Overcoming to Learn in Africa
Each day, millions of girls around the world can’t step into a classroom. Instead, neglect, abuse, and poverty create seemingly insurmountable barriers to their education, resulting in about 496 million women who can’t read and write today. World Vision works in nearly 100 countries to help girls overcome these barriers so they can attend school, improve their lives, and help advance their communities.
In Burundi, 16-year-old Jocelyn Ndikumana lost the use of her legs when she contracted polio at age 4. She also lost her parents, who rejected her because of her new disability. Her older sister cared for her, but didn’t want to send Jocelyn to school, despite her strong desire to learn. A neighbor took pity and helped Jocelyn find a local center for people with disabilities, which had partnered with World Vision and provided 100 children, including Jocelyn, with wheelchairs. While now in school, she doesn’t have any friends and still struggles with paying her fees—often receiving help from fellow church members and even the school director. Despite the setbacks, Jocelyn lights up when she talks about her determination to get an education. “I want to be a headmistress, if I get a chance to finish my studies,” she says. “I need a job where I will work sitting; my legs do not allow me to stand or move easily.”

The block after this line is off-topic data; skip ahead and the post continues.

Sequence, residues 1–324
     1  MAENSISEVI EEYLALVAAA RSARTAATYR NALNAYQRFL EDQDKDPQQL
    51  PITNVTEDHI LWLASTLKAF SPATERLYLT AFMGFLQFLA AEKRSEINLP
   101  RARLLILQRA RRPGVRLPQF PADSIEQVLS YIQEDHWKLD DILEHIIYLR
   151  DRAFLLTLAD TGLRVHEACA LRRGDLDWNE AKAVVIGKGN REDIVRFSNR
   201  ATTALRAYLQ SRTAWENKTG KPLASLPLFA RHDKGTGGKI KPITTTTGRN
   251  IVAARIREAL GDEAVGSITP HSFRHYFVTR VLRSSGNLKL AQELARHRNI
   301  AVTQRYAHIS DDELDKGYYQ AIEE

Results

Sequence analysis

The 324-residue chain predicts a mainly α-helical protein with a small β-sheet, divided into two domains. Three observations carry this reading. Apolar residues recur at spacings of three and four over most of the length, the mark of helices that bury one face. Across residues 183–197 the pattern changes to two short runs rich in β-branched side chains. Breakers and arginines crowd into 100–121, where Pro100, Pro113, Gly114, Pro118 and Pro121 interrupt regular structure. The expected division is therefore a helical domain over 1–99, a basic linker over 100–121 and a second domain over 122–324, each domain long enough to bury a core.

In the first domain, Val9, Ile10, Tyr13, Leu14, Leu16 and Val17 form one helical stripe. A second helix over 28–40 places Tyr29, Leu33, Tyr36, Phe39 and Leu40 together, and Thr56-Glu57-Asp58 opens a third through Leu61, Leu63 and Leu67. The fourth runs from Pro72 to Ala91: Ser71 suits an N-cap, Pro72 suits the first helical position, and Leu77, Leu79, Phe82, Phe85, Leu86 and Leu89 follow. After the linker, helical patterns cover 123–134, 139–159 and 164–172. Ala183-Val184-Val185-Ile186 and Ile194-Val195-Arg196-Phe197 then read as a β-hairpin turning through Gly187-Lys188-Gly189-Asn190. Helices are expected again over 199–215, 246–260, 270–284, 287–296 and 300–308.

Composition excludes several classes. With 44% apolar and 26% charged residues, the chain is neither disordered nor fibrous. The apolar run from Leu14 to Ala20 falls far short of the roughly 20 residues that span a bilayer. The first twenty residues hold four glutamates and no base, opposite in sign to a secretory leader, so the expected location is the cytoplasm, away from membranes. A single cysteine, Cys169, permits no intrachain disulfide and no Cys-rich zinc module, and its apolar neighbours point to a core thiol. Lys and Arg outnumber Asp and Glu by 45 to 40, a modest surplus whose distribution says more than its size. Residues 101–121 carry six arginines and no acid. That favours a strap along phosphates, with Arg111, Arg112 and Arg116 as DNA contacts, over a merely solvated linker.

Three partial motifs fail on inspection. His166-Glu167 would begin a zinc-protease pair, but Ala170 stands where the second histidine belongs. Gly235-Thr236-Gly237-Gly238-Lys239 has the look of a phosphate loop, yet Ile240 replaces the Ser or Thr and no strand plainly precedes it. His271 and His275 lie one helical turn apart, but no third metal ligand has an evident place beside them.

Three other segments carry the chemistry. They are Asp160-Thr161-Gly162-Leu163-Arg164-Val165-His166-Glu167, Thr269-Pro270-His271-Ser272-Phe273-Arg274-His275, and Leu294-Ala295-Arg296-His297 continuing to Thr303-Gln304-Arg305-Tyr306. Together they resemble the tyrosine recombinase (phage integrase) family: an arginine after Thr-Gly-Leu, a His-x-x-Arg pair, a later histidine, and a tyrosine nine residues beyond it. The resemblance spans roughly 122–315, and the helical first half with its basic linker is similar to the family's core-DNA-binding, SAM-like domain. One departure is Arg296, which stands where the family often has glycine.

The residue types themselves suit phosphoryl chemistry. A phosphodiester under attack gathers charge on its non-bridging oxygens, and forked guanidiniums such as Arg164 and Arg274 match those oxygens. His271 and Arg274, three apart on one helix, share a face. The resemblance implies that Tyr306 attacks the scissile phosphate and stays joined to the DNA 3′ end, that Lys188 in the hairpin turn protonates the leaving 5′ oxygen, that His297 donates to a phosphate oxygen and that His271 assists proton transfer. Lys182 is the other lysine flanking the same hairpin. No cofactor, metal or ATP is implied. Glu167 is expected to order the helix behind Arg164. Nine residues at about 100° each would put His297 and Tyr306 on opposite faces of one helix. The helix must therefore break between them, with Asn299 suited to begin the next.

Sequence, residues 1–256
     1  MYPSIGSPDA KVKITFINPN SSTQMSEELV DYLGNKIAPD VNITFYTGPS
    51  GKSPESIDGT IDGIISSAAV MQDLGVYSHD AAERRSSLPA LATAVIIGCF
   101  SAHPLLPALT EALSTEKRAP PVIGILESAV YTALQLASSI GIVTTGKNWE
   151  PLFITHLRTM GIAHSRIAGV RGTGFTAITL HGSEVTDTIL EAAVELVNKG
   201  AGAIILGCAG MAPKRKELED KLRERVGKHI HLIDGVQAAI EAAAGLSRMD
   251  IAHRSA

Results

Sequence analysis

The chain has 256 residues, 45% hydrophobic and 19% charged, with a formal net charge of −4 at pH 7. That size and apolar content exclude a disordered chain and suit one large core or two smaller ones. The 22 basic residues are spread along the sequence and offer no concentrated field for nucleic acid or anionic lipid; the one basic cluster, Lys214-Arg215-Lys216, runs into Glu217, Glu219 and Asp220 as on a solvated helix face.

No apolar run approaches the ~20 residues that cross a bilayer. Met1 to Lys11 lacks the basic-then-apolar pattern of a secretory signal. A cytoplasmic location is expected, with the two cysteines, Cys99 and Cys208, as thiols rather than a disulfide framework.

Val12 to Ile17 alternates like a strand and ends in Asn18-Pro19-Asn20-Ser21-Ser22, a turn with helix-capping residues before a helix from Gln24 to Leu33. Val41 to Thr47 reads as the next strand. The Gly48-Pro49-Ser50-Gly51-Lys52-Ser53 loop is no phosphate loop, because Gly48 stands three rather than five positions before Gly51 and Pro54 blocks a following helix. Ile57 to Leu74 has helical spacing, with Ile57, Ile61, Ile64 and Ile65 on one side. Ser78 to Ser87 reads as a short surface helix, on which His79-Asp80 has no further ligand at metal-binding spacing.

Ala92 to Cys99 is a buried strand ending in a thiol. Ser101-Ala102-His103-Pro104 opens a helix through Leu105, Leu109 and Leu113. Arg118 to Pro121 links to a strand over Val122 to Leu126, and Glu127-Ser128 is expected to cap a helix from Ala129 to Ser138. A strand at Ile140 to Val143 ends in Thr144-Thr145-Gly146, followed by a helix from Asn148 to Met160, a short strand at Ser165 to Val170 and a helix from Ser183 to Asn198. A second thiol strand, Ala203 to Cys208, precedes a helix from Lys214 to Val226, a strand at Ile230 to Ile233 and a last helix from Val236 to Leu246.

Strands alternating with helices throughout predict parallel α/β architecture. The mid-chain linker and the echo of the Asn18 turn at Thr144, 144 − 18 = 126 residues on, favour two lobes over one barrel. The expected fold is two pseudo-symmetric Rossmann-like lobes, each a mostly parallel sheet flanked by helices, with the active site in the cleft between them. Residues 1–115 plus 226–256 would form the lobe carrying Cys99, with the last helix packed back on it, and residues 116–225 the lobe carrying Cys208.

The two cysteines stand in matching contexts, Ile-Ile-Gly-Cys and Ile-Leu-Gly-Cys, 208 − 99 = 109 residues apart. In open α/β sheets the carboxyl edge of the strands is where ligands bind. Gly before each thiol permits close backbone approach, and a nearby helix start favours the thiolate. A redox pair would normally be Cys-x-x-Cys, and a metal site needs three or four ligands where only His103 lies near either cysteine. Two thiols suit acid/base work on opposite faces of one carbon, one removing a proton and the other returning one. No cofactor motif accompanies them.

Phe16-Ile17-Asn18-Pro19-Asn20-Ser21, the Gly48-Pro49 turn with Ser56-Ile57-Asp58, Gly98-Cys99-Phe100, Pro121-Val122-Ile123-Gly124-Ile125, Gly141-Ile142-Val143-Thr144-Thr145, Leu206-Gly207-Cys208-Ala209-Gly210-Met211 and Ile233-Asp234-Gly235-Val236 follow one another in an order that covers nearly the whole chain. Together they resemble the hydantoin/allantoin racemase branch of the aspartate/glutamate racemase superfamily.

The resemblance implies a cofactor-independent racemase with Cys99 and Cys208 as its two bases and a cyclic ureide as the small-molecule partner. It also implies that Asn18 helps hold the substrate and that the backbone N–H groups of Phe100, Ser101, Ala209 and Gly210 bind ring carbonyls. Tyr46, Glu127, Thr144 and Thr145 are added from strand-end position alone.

Written by Kristy J. O'Hara